Oil on canvas, 2019
25cm W x 30cm H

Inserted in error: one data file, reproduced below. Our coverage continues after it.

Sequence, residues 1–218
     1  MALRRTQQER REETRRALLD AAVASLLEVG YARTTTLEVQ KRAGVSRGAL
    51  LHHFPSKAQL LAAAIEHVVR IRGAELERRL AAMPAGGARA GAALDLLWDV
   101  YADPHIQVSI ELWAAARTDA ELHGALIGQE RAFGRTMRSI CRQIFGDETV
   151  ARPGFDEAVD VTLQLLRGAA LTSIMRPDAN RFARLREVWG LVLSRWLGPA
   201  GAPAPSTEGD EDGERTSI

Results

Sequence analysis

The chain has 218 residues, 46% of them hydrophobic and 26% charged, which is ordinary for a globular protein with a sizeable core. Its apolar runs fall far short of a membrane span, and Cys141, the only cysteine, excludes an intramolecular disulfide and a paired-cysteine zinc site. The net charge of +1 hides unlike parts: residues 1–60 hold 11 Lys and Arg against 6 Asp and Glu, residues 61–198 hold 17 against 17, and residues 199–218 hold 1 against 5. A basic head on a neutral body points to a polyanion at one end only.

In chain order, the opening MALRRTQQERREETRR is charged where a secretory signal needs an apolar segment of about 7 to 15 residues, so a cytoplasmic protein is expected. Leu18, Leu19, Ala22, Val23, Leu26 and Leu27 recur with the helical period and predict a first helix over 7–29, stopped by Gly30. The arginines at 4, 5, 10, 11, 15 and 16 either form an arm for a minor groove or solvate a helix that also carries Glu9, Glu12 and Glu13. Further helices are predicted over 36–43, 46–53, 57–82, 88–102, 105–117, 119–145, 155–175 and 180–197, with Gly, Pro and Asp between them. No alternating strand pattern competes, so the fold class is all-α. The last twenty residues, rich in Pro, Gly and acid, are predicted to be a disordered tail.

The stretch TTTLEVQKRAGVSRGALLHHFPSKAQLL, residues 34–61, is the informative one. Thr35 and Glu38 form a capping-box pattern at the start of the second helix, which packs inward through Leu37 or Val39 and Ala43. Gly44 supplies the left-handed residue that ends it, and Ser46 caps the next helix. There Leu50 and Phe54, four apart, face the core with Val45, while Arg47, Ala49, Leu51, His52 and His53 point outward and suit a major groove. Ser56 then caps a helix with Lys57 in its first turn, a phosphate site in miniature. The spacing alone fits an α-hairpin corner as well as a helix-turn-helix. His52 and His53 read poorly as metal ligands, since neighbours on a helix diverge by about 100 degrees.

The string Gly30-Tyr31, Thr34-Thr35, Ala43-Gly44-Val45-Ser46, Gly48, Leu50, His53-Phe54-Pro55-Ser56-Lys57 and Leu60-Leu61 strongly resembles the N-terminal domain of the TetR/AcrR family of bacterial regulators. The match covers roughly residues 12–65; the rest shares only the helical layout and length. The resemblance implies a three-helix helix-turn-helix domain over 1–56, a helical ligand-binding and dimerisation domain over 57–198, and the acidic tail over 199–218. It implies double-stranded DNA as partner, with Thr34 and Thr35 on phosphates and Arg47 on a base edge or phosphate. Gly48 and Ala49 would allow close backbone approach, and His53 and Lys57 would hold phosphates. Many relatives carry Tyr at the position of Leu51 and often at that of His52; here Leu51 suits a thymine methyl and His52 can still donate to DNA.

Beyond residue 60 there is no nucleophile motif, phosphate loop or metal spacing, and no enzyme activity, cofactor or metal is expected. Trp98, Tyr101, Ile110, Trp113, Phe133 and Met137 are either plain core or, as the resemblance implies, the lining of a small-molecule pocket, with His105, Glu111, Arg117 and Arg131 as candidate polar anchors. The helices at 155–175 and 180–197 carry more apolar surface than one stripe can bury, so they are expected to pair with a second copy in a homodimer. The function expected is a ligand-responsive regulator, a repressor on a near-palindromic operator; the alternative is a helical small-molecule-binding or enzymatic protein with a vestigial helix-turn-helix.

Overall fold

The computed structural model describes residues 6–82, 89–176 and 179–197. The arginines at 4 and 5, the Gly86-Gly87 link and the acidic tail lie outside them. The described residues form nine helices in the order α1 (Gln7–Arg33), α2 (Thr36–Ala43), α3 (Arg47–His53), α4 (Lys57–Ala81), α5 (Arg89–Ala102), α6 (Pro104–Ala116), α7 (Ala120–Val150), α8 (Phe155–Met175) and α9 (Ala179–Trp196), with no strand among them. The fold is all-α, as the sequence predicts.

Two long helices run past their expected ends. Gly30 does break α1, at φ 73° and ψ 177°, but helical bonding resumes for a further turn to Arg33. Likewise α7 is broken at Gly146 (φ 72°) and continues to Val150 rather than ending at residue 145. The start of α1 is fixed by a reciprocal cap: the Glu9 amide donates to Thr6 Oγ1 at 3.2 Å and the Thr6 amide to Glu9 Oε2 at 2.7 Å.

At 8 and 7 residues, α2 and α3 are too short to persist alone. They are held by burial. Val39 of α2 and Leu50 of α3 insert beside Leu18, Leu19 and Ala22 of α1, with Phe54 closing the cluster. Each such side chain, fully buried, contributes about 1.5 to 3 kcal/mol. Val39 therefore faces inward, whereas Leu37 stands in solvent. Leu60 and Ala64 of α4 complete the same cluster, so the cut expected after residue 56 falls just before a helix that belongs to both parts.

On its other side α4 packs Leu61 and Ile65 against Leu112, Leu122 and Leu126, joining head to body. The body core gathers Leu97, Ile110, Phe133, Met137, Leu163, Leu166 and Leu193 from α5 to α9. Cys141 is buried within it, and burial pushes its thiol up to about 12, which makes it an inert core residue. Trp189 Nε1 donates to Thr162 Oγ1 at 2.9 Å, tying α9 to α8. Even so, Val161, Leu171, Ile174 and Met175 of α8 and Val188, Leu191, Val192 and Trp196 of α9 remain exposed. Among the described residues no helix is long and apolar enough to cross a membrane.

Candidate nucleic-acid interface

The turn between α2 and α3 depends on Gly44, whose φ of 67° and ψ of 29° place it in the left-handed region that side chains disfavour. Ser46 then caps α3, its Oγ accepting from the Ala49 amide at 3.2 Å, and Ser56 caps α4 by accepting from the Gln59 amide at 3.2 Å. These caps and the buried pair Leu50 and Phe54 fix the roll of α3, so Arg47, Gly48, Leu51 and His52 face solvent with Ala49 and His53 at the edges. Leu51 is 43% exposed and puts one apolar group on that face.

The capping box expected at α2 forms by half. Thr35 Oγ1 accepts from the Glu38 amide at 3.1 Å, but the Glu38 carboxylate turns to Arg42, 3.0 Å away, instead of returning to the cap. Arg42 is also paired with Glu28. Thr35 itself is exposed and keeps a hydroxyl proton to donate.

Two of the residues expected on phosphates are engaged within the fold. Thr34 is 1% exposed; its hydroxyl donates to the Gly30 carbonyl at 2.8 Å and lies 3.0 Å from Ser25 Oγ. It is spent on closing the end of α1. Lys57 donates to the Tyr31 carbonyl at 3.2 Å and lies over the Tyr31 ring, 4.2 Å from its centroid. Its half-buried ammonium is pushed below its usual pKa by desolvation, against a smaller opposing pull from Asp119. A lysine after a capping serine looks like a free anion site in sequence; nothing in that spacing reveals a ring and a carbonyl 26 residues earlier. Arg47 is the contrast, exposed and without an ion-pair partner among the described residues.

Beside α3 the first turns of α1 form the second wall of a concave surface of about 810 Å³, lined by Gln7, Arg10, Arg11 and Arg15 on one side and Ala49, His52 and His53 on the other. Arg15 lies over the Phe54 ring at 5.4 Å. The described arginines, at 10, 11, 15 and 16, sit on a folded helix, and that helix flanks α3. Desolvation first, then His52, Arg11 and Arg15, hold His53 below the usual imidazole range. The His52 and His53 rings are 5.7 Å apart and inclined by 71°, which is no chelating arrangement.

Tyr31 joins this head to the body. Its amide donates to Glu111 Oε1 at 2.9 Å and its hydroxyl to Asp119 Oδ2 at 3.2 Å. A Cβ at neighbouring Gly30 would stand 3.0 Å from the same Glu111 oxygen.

What was once known to the ancients as the Honey Moon takes place in June and around the time of the Summer Solstice. The name is said to be due to it coinciding with the time of year when marriages were most popular, and also due to the custom of giving mead and honey to newly weds during the first moon of their marriage; hence the term ‘honeymoon’. Moon phases were also seen as symbols for the phases of marriage itself, with the wedding being the happiest and fullest part, signified by the full moon. At sunrise on the 21st druids, pagans and people from all over the world will gather at the ancient monument of Stonehenge to witness the sunrise on the day of the Summer Solstice, a day that marks the time of year when daytime is at its longest and night time at its shortest. Stonehenge, steeped in speculation and mystery, has been a site of spiritual significance and congregation for thousands of years.